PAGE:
How to Cook Japanese Rice
One of the first questions non-initiates ask is, "How does it stick together like that?" The answer: It just does. The shorter the grain of rice, the higher the starch content, and the higher the starch content, the stickier the rice. The kinds of rice favored in Japan are all very short-grained--the shortest and stickiest, mochi, looks like tiny pebbles--and as a result, the only way to get cooked Japanese rice off your fingers is surgical removal. (So be careful.) Wetting down the rice does cause it to lose cohesion, but you tend to end up with rice slime. (So be careful.)
In America, Japanese rice sells for $12 to $25 for a ten-pound bag. You don't need to buy the most expensive brand to get good quality; all of the common brands--Hikari, Nishiki, and the like--are good. The discerning palate can pick out slight differences between them, though. Buy them in 5-pound bags and experiment until you find the one you like best.
The easiest way to cook rice is in a rice steamer. Top-end rice steamers, as sold in Japan and other places where people take their rice seriously, have several settings for different kinds of rice and can be set on timers, so that both your coffee and your rice are piping hot for you in the morning. Low-end rice steamers, as sold in Wal-Mart and other places where people take their screaming children, have a "cook" button. Personally, I've gotten great results from a $15 rice steamer. YMMV.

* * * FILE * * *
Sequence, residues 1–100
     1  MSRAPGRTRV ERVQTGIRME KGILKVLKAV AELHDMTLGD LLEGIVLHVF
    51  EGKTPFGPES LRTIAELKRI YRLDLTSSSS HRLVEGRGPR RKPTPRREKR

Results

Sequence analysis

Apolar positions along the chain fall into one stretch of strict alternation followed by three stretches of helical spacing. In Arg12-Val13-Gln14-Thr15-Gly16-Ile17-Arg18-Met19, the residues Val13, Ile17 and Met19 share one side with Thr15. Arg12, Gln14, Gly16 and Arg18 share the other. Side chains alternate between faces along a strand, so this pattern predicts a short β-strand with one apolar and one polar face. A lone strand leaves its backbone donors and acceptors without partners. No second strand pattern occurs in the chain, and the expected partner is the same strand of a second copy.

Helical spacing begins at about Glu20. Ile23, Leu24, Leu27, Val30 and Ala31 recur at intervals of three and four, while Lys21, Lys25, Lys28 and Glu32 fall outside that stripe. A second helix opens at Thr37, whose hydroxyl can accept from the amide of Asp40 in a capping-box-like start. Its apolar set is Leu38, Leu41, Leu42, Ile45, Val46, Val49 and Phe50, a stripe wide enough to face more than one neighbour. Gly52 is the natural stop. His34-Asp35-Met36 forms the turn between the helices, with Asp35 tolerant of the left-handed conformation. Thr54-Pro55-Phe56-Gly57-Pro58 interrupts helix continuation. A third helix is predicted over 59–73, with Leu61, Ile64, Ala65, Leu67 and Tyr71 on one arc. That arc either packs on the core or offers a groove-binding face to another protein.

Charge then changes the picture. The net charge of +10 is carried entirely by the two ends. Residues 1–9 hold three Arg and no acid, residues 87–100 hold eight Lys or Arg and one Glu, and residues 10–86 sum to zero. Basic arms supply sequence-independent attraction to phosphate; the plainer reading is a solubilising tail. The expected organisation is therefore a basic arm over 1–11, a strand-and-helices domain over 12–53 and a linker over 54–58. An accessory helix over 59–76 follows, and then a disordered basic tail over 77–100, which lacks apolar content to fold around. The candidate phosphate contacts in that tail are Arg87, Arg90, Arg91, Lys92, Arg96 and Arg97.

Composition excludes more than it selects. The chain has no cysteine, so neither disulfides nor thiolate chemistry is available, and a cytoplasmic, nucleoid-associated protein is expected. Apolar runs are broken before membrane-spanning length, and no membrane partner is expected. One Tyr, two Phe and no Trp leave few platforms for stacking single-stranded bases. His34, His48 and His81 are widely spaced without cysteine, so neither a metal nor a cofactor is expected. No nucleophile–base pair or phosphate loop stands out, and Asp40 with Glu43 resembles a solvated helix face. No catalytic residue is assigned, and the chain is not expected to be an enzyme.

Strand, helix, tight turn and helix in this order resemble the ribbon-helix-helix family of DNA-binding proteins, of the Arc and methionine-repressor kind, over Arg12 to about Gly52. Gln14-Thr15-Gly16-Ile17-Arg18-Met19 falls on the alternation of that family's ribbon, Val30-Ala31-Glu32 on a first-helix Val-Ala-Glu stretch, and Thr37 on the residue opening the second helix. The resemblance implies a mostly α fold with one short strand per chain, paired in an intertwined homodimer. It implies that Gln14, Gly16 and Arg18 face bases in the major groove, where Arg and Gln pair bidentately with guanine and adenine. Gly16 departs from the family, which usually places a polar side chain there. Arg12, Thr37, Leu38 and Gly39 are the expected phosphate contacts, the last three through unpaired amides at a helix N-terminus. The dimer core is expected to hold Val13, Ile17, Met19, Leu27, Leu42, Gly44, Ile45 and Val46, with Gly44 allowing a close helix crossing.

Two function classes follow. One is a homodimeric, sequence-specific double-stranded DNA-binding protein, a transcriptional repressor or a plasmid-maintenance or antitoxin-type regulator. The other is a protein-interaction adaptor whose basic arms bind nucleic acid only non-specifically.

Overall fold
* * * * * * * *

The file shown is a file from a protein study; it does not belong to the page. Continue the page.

Your rice cooker will come with directions. Read them. Done? Good. Now READ THEM AGAIN. Done? Good. NOW you can read the rest of this page. The biggest mistake most gaijin make is in dumping a bunch of dry rice into the steamer, pouring some water on top, hitting the "cook" button, and shoveling rice onto their plates the minute the "cook" button pops up. Eating rice cooked this way is like eating a handful of popcorn full of old maids.
Real rice cooking involves several steps:
I'll go through these step by step.
Ta-da! All done. Japanese rice is usually cooked plain, although you can add a little salt or a few simple vegetables, like peas.
Common wisdom has it that cooked rice will stay good at room temperature for one day. Your mileage will definitely vary. In the middle of a Boston winter, rice keeps for two days; in Louisiana, rice keeps for about eight hours and then starts going pink. My girlfriend used to have a mondo cool top-of-the-line rice steamer which would keep rice warm and happy for a couple of days, regardless of the weather, but then her roommate moved out and took the steamer, and now she's left with a cheap steamer which dries rice out in a couple of hours if it's left on. Experiment.
Unfortunately, putting the rice in the fridge is no solution. The cold destroys the starch and turns the rice into wee maggot-shaped pebbles. Some people say that you can revive the pebblefied rice by putting it back in the steamer with a little water, but I've had no success with this method. If you're stuck with too much rice, a better solution is to fry it. Add a raw egg or two, some soy sauce, a few veggies, and maybe some chopped meat, then stir-fry. The fried rice won't turn the deep brown of the fried rice you get at the local Chinese place (that takes a special, thick kind of soy sauce). However, it'll keep in the fridge without solidifying.